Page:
If it did matter, then the Track Edition (or Performance Package) version launched at the 2019 Detroit show was the one for you. This came with the TVD as standard along with weight-reducing items such as ceramic brakes, CFRP roof and bonnet, carbon fibre aero parts (including a front splitter and fixed rear wing), BBS 19-inch forged alloy wheels and a titanium exhaust. The total weight saving was a worthwhile 80kg. For one of the 50 allocated to the UK you would have been paying just over £93,000. If you missed out on the Track Edition you could pay £9,750 to have a Track Pack fitted to your regular RC F. This had the forged wheels, ceramic brakes and TVD.
On the RC F’s release in the UK in late 2014 for deliveries in early 2015 the standard F was £59,995 and the Carbon was £67,995. Today, in mid-2023, the RC F is still part of the Lexus offering but prices for a new F now start from £76.5k, or £83.5k if you want the Carbon model. Used RC Fs are pretty thin on the ground and hold their value well. Early examples with 50-60,000 miles will still cost you around £30,000. 2018-on phase two cars with 30,000 miles recorded are available from around £43k.
SPECIFICATION | LEXUS RC F (2015-on)
Engine: 4,969cc V8 32v naturally aspirated
Transmission: 8-speed auto, rear-wheel drive
Power (hp): 467@7,100rpm
Torque (lb ft): 391@4,800-5,600rpm
0-62mph (secs): 4.5
Top speed (mph): 168 (limited)
Weight (kg): 1,840
MPG (official combined): 26.2
CO2 (g/km): 252
Wheels (in): 19
Tyres: 255/35 (f), 275/35 (r)
On sale: 2015 - now
Price new: £60,995 (2015)
Price now: from £30,000
Note for reference: car weight and power data are hard to pin down with absolute certainty. For consistency, we use the same source for all our guides. We hope the data we use is right more often than it’s wrong. Our advice is to treat it as relative rather than definitive.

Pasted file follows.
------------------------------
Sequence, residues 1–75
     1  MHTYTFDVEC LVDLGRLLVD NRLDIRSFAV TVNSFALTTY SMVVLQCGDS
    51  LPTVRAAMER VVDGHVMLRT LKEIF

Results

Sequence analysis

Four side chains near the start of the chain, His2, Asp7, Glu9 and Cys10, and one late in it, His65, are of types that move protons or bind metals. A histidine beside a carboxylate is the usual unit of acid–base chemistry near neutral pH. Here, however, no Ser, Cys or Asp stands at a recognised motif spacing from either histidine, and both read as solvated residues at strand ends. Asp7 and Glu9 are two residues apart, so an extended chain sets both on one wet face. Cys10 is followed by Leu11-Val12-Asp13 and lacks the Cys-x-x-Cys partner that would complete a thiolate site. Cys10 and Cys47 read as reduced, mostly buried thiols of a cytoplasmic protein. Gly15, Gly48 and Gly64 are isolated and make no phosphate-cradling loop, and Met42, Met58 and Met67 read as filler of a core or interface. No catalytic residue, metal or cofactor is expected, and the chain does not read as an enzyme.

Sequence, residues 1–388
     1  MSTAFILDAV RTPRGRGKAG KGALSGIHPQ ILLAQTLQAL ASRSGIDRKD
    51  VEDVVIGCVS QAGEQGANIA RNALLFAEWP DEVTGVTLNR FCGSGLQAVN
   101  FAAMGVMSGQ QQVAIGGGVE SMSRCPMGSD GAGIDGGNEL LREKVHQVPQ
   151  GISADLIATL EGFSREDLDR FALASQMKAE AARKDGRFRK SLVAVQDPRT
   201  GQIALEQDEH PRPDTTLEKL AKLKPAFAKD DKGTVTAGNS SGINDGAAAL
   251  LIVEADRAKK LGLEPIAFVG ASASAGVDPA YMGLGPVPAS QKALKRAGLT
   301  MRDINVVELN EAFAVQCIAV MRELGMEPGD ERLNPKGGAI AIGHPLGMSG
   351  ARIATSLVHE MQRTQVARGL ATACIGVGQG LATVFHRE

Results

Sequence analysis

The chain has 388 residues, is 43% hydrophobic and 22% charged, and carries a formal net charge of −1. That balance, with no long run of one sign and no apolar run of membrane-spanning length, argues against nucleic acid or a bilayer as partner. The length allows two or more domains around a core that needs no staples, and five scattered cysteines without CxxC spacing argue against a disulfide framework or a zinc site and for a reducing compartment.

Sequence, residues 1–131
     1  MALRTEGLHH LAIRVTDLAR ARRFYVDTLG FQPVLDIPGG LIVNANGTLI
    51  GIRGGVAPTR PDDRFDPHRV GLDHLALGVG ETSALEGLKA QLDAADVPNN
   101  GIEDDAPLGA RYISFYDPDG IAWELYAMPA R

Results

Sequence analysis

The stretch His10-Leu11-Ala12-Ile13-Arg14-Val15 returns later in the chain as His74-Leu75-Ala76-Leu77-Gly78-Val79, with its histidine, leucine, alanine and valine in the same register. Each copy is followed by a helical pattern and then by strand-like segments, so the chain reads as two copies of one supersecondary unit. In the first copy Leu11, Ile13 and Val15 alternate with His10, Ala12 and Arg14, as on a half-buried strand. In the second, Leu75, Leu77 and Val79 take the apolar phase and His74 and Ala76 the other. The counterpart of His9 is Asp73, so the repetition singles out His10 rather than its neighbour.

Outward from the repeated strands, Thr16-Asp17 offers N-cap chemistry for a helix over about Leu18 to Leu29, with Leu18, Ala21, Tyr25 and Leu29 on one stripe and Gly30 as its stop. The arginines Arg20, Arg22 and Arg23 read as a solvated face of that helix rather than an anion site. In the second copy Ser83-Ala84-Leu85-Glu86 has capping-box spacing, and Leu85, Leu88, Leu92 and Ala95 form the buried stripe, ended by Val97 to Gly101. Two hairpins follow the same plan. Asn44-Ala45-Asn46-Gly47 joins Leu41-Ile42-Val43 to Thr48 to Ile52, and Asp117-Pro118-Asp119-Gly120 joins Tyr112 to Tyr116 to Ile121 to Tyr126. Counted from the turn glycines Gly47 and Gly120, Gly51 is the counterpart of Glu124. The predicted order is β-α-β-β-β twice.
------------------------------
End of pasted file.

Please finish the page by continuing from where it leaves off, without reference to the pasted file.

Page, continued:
ENGINE & GEARBOX
The RC F version of the 5.0 V8 engine was significantly different to the IS F’s. The pistons, conrods and crankshaft were all new, as were the wider throttled fuel injection system, dual length intakes and improved head porting. New camshaft profiling with revised VVT-iE variable valve timing and titanium valves helped to lift the redline to 7,300rpm and deliver 54hp more than the IS F. Unusually the RC F went into ‘Atkinson cycle’ mode when pottering to boost economy. Some owners have reported high-restraint mpg figures in the high 30s which is pretty amazing for an old-school naturally aspirated V8.
There was a recall for a delaminating fuel line which could cause petrol to leak directly onto the engine, and there was some trouble with the dampers in the high-pressure fuel pumps (there are two on the RC F) which ‘chirp’ when they start to go bad. Replacement pumps out of warranty were getting on for £1,000 each.
We have heard of heavier-than-normal oil usage on higher-mileage cars but carbon buildup hasn’t been an issue because the engine is both port- and direct-injected. Lexus has an excellent reputation for quickly resolving what few complaints they have had.